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A conversation with Kent Ridley on the 2011 CFL draft

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With the 2011 CFL draft coming up this Sunday (12:30 p.m. Eastern, TSN), there's plenty of discussion around as to who's going to be selected where. Will Rice tackle Scott Mitchell's top ranking in the latest CFL list lead to Winnipeg taking him first overall, or will they go for a CIS player like Calgary slotback Anthony Parker (pictured above stiff-arming Queen's linebacker Chris Smith during the 2009 Vanier Cup) or St. FX linebacker Henoc Muamba? Will there be first-round trades? How will teams balance the potential of NCAA underclassmen with the chances of losing them to the NFL the way the B.C. Lions lost Danny Watkins this year? Where will Western's Vaughn Martin, currently with the NFL's San Diego Chargers, be drafted? Will anyone take Western linebacker and documentary superstar John Surla? One of the best resources for making sense of the draft is Ridley Scouting's 2011 Draft Guide. For some information on what's going on with this year's version and what this year's draft crop looks like, I spoke to head scout Kent Ridley, who's previously filled us in on the CIS/NCAA divide, scouting and recruiting. Here's what he had to say:

A.B.: How long have you been doing the Draft Guide for? Why'd you decide to take this on?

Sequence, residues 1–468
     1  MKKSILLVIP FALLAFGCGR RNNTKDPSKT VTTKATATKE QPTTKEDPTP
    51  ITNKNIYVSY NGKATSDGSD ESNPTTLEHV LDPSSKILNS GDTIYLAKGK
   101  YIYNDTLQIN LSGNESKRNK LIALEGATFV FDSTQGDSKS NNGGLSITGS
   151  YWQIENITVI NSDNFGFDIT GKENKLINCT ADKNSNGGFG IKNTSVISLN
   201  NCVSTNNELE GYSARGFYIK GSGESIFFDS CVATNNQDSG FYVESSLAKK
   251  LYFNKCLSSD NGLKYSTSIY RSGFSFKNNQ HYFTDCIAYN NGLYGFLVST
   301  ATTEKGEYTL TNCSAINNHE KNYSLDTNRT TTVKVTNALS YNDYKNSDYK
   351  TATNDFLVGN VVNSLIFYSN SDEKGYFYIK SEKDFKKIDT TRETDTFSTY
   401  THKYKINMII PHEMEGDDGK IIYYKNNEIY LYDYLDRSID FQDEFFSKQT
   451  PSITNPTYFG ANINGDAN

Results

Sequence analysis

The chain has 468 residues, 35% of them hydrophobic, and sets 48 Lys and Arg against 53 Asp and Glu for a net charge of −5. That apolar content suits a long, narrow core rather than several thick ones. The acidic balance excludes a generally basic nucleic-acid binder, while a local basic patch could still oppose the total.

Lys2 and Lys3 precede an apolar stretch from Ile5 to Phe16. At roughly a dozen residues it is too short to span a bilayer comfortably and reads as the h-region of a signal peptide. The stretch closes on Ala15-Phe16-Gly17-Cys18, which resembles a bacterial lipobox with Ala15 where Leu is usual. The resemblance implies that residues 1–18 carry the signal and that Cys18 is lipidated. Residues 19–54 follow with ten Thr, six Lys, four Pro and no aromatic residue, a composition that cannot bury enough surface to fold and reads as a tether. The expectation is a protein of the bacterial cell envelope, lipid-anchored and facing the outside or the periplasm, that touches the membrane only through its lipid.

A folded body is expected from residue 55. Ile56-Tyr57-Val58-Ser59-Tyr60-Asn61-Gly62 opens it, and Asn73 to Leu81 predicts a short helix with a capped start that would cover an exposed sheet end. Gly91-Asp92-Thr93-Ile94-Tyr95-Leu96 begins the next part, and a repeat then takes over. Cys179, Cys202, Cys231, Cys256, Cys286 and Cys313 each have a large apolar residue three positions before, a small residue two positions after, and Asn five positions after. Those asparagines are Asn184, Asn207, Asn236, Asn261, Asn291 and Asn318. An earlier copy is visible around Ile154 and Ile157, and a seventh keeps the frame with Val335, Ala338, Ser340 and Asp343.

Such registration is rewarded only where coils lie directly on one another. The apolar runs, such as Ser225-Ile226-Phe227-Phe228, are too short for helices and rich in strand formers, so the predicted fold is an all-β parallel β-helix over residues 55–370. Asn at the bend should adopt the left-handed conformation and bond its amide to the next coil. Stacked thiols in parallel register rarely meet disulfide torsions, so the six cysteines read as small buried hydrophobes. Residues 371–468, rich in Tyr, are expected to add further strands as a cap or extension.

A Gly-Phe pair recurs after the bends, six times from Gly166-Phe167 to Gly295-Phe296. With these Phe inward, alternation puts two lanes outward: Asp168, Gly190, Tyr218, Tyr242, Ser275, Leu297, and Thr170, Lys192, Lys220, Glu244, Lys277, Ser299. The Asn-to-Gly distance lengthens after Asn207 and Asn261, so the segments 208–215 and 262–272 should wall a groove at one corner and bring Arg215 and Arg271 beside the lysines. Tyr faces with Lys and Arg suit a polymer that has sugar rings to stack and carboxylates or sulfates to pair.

K.R.: This is our second crack at it. Last year CFLDaily.ca took it on and this year we took it to the next level, from 13 pages to 53.. As to why, well, it's just a result of a serious lack of information out there. Every spring we all look forward to the articles from Duane Forde, but the rest of the media tends to leave the draft alone until we get to May.

A.B.: How much time did it take to pull this year's edition together? What was the toughest part?

K.R.: I like to joke that what you see is the result of 200 hours. It is a big project and trying to gather information on several hundred players before cutting it down to the top 100 takes a lot of time. The toughest aspect was putting together the career stats. Schools report things in very different ways.

A.B.: What do you think of this year's crop of draft prospects in general: strong or weak, top-heavy or deep?

K.R.: The strength is there if you look for it. I guess you could call it position strong, but overall, it's more like a slightly above average draft class. It's perhaps not the deepest draft we've had recently, but I think you could put together a really strong team out of the players available.

A.B.: Are any positions particularly strong this year? Any particularly weak?

K.R.: Kickers are very strong with [Laval's] Chris Milo, [Alberta's] Hugh O'Neill and [Montana's] Brody McKnight all solid placekickers; there's also [Adrian College's] Kevin Allaer as a directional punter out of the NCAA Division III. The running backs drop off after [Calgary's] Matt Walter, but that's not to say we can't get a couple of solid fullbacks/blocking backs out of this class. The receivers are particularly interesting to me and include some good stories; take [Saskatchewan's] Jade Etienne. He had a great season last year, but I'm not sure if he has the overall production that will place him high in the draft. On the other hand, [Harvard's] Marco Iannuzzi doesn't have a lot of overall production either, but his skill as a kick returner could put him in demand. [Concordia's] Liam Mahoney is a great story with a CIS career playing three positions.

A.B.: Something that struck me as interesting with this year's draft is the three top prospects from the University of Calgary (Walter, Parker and Nathan Coehoorn), all players you rank pretty highly. Have you ever seen this kind of talent come out of one school in a draft year? Any thoughts on what Calgary's doing right from a recruiting or talent-development perspective?